ALPHA: A Novel Bicycle
The 2011 school-wide Senior Design champion is ALPHA, a novel bicycle designed by Mechanical Engineering and Applied Mechanics seniors Lucas Hartman, Geoff Johnson, Katie Savarise, Evan Dvorak, and Katie Rohacz, that can switch from fixed-wheel mode to freewheel mode, and has a unique drivetrain and embedded electronics inside its frame.
Members of the ALPHA bike team began the process of creating the bike at the start of their senior year when, along with advisor Jonathan Fiene, they sat down to brainstorm dozens of potential projects. The decided on the ALPHA because switching from fixed-wheel to freewheel modes posed an engineering challenge.
The distinction between fixed and freewheel bikes has to do with how directly the pedals are connected to the wheels. Freewheels have multiple gears that allow riders to coast without the pedals moving (think of a 10-speed bike). Fixed gears, or "fixies," have a single gear and direct drivetrain, meaning the pedals always rotate along with the wheels, in both directions (think of a tricycle). And while fixies have experienced a resurgence in popularity in recent years, the single gear can make steep hills challenging, or even dangerous.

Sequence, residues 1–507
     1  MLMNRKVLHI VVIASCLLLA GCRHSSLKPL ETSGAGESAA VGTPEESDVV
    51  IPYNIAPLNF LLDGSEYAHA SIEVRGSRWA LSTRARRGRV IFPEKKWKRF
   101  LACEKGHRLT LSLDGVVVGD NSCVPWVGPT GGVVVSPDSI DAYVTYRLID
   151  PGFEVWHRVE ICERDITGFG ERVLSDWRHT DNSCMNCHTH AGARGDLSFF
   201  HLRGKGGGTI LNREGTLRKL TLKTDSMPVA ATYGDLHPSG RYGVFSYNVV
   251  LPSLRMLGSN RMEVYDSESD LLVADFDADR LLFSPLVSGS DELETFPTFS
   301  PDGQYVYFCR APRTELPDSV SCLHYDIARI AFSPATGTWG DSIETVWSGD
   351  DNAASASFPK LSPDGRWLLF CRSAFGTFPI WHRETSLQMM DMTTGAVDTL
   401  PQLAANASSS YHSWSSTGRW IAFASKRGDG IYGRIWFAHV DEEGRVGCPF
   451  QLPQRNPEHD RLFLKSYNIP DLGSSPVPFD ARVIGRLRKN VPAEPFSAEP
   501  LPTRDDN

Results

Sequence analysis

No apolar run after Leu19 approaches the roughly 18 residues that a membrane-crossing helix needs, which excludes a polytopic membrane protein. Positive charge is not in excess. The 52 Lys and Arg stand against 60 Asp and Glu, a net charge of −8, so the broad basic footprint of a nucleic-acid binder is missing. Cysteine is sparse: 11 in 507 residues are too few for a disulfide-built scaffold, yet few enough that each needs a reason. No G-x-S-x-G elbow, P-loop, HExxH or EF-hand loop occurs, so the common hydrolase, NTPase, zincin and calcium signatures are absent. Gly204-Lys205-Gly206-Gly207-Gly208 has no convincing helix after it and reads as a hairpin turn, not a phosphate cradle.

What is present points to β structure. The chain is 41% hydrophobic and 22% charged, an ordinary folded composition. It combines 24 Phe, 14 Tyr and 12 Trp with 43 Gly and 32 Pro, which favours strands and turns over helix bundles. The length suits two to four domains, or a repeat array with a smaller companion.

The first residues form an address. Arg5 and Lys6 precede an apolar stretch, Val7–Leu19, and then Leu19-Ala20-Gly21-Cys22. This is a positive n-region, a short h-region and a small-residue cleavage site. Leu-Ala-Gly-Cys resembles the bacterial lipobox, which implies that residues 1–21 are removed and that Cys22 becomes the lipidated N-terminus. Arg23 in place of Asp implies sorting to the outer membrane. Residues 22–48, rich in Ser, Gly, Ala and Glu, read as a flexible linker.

The ALPHA provides riders with both configurations, plus the ability to switch from one mode to the other. At the push of a button, a clutch engages or disengages the part of the drivetrain that allows the pedals to rotate freely.
"To our knowledge, there is nothing out there that can switch on the fly like this," says Hartman. To fit everything inside the frame, while still making parts easily accessible for maintenance and repair, required extreme engineering precision.
"We pretty much took the machine shop here to, and beyond, its capabilities," says Hartman. "You need half-a-thousandth-of-an-inch accuracy—an eighth of the thickness of a sheet of paper—on some of these parts. It's mind-blowing."
While most of ALPHA's components were machined on campus, one key part was made at Midwest Composite Technologies. Fabricating the driveshaft pulley involved a new technology called Direct Metal Laser Sintering, where layers of powdered metal are melted by a laser, gradually building up otherwise impossible-to-make shapes.
The team has also won design competitions outside of Penn, and plan on entering more, but have already succeeded in one of their original goals: turning heads.
"The idea was to get people to do a double take and say, ‘How the heck is this thing working? What is this thing?'" says Hartman. "And we have definitely gotten that reaction."